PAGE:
1) Present yourself as a human being, not a company
Escape the bonds of your corporate identity, loosen that tie, and get friendly. Remember, its called social media, not business media. Its purpose is to socialize and bond, not to exploit the patrons. If your sole intent is to build your business, odds are the audience will see right through your superficial agenda.
Social media sites are not a place to blatantly hock your shows, and those who break this rule will be cast out by the communities they hope to friend. However, there are lots of people recruiting new audiences and making substantial amounts of money through social media. These pros understand social media is based on the very human principles of giving and listening. Think of social media as the local tavern, a place where you gather with friends to share the experiences of the day and to raise a pint or two. Now consider all the things you would never do to your friends in a bar.
2) Never advertise, instead, socialize
You would never walk into your local tavern and yell “I’ve got shoes for sale for $39.00 a pair. Who would like to buy some from me?” Every person in the place would instantly avoid you. Doing this instantly tags you as a taker with a transparent, self-serving agenda. Treating your friends like a potential sales mark is strictly prohibited. I see TV station social media profiles that are exclusively populated with self-serving posts that are nothing more than free ads.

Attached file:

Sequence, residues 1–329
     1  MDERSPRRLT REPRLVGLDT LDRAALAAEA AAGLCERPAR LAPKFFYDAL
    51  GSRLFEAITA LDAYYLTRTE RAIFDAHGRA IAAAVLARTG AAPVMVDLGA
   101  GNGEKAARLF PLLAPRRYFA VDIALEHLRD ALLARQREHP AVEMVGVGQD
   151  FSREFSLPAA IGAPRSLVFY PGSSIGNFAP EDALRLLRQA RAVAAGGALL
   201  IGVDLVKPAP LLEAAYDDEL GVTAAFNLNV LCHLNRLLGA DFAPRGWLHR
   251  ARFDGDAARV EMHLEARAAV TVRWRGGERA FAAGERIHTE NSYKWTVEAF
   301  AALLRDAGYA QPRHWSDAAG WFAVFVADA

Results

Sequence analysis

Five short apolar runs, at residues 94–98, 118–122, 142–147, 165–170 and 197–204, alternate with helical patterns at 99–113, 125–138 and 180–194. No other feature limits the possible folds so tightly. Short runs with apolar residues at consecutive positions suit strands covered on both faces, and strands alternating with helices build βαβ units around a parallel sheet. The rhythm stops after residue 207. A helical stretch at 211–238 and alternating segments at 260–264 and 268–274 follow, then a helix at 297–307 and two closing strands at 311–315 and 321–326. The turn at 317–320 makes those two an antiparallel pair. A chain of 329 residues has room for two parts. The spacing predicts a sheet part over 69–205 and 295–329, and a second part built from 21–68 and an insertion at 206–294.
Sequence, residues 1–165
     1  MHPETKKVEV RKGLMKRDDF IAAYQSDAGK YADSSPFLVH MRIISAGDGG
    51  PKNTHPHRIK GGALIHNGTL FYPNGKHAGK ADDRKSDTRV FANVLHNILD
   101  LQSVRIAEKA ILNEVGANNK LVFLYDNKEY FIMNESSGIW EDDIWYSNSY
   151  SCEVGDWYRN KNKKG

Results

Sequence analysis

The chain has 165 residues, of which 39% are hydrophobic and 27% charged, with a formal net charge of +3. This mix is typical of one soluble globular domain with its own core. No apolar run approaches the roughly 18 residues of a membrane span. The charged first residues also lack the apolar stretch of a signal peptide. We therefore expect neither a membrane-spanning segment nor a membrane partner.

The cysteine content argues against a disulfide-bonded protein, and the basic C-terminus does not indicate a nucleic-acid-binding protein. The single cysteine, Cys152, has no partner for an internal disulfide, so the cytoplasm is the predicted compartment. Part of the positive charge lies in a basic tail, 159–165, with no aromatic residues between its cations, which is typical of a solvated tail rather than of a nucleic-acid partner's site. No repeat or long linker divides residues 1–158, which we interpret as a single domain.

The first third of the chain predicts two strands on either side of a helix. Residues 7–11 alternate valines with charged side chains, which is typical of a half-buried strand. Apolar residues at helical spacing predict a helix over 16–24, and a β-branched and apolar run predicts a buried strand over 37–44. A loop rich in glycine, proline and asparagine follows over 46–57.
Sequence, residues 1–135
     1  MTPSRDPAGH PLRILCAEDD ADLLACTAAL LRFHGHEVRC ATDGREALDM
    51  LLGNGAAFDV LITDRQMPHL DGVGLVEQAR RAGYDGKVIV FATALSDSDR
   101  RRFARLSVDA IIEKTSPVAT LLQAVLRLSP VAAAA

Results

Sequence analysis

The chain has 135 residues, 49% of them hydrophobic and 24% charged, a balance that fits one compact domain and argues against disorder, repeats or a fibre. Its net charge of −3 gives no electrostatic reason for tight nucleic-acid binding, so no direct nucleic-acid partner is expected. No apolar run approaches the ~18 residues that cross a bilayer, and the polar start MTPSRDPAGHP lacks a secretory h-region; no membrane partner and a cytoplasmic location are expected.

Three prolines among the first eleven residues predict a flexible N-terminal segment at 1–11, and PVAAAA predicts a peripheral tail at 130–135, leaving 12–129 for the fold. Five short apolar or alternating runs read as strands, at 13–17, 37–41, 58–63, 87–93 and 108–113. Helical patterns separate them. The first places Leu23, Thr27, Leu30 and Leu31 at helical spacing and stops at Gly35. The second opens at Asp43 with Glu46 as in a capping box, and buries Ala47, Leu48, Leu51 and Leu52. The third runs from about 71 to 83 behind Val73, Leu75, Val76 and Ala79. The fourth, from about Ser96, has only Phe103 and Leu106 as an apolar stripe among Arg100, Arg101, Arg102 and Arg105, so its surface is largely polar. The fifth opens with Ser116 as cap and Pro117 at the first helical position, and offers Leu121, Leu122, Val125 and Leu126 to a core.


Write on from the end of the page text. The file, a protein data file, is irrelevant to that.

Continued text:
“Watch Channel 9 tonight for an update on the storm.”
“Channel 9 has the latest reports from Wall Street. We are your station for complete coverage.”
Their egotistical agenda is obvious–all they want are followers to watch their news. It’s all about their own ratings for this station. They see other participants as a crop to be harvested, not a relationship to be nurtured. This station does not want friends, it wants prospects. If you want to advertise on Facebook, then buy an ad, but never jeopardize the tenuous friend relationship by showing your buddies such a selfish agenda. Don’t treat Facebook like it’s a radio promo or a billboard ad.
3) Speak like a human, not an advertising shill
Don’t talk in ad speak. It just makes people distrust your motives. Take a look at these posts from a local station Facebook page:
“Watch Carrie’s report on autism, tonight at 6 on Channel Nine–your local news source.”
“Watch the Valley’s most complete coverage of the police shooting tonight at five.”
People just don’t talk like this. You would never spout sales slogans at your local tavern and you should never do it on social media sites. Social media is a place where you inform and share. Never subject your online community to slogans, calls-to-action or sell lines. Remember, these are advertising tools and social media is not advertising.
Graeme Newell is a broadcast and web marketing specialist who serves as the president and founder of 602 communications. You can reach Graeme at email@example.com.